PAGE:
About Common People

Welcome to Common People – a blog site for Pelsall.
This site will contain community news, special events, and will hopefully be a forum for villagers to make their views known about anything that affects Pelsall.
It will also cover news items that will be of interest to people in the village or may affect them.
Why is it called Common People? For no other reason than our three Commons are very special to us. It’s what makes Pelsall such a great place to live.
To contact Common People, email: pelsallnews@gmail.com
Or follow us on Twitter: http://www.twitter.com/pelsallnews
Please note: all comments are moderated before approval. This means that any abusive/libellous comments will be deleted by the editors before they even get on the site.
Submitted press releases/statements may be subject to editing.

3 Responses to About Common People

  1. Carol Phoenix says:

    I have just learned that my great grandfather worked in the iron works and my grandfather was born in Pelsall – I had known of its existence until now – really pleased to find you have such a good site on Pelsall and the iron works.

    • CommonPeople says:

      Thank you! You may be interested in the Local History Centre, which has lots of information about the ironworks. If you walk over North Common you can still see a lot of industrial archaeology from that time,too.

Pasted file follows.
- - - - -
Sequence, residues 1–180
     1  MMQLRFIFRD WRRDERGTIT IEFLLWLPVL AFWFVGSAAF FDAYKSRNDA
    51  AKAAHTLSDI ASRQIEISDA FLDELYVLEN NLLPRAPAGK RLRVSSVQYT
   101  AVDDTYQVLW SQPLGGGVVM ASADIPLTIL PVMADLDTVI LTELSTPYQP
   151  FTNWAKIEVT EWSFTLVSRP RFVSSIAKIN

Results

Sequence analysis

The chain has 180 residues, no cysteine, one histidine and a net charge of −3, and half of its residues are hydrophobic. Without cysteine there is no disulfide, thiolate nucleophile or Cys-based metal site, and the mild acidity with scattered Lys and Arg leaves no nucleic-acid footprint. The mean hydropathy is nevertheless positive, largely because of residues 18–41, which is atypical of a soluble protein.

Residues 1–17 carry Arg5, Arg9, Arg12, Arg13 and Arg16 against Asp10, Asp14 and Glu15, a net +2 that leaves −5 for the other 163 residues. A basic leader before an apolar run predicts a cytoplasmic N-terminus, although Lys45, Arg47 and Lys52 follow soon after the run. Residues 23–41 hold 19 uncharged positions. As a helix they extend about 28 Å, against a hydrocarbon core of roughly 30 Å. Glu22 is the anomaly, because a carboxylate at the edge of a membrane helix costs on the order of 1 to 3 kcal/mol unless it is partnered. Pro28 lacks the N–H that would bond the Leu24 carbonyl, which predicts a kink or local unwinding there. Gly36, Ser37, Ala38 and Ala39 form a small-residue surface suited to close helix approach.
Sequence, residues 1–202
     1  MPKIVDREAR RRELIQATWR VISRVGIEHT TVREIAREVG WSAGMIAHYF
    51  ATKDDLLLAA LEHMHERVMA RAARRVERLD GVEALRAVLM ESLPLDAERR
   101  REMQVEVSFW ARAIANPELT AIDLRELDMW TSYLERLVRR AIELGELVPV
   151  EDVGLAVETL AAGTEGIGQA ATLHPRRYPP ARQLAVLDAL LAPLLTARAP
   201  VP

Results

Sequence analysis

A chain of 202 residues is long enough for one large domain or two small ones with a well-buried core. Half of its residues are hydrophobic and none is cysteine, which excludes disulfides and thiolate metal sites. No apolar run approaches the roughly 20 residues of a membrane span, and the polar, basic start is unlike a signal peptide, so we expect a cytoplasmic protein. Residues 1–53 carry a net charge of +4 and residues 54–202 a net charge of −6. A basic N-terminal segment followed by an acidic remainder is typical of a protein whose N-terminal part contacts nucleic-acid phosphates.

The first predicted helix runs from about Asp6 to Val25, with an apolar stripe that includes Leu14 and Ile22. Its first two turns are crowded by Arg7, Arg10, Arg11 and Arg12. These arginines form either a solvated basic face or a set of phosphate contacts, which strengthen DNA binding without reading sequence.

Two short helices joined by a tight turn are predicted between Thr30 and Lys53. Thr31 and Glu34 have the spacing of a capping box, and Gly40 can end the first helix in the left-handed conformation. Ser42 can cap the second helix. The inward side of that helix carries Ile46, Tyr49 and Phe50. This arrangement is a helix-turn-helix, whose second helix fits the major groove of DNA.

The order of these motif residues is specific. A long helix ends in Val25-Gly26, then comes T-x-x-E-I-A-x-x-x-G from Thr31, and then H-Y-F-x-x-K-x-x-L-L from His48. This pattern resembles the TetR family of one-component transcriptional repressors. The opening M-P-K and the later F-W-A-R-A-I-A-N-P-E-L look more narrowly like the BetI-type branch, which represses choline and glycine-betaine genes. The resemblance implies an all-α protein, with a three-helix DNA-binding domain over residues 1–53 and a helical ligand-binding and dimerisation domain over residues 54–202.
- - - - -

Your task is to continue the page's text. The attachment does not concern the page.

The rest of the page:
2. Mrs Brenda Wedgbrow says:

    My grandparents, and their family of eight children lived in the middle of the old cottages an 18 Allens Lane , As a child my sister and I visited their many times in the 1940s onwards, Sadly I dont have any pictures, of these houses, but would dearly like one if anyone has a copy. My Uncle, Bernard Jones was showed at the pond in the centre of the common,on the picture gallery, on the history page, but this sadly no longer seems to be available. Other memories are of the sweet shop which was in the lane at the side of the common, also the end of the row of cottages, where the grandparents lived the property was also a shop. To the rear of the buildings were brewhouses, quite dark and dank places, and it was a trip across the yard to unlit outside toilets.

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